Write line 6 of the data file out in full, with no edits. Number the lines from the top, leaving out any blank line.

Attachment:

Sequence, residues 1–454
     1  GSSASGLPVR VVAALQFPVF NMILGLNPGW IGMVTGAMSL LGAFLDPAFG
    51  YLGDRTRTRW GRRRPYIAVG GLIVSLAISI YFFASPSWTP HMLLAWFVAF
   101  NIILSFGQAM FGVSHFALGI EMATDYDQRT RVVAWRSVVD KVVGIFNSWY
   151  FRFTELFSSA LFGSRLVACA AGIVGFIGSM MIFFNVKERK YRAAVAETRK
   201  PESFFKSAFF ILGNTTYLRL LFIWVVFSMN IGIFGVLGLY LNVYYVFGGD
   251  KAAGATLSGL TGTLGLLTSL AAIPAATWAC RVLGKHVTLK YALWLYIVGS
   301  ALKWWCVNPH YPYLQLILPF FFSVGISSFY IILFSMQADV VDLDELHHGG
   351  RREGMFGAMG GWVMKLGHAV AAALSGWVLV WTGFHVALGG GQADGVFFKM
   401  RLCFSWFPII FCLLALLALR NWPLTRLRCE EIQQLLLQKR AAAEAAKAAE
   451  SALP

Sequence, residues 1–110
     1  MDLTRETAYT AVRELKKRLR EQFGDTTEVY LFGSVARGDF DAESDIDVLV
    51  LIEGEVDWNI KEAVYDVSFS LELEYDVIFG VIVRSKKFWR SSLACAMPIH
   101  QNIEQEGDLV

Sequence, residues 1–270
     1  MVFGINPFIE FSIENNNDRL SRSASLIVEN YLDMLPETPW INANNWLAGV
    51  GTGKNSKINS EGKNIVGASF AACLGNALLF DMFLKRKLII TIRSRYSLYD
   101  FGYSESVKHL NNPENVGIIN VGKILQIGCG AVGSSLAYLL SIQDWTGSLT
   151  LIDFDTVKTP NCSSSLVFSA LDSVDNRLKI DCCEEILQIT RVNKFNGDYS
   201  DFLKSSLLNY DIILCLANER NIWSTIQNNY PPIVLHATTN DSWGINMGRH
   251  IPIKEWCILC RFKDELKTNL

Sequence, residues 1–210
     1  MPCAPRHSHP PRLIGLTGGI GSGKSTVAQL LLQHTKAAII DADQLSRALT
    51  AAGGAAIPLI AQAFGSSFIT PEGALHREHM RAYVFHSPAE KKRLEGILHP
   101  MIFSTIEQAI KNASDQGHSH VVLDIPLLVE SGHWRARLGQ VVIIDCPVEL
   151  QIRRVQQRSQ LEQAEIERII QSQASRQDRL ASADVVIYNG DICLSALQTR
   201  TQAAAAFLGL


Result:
   201  PESFFKSAFF ILGNTTYLRL LFIWVVFSMN IGIFGVLGLY LNVYYVFGGD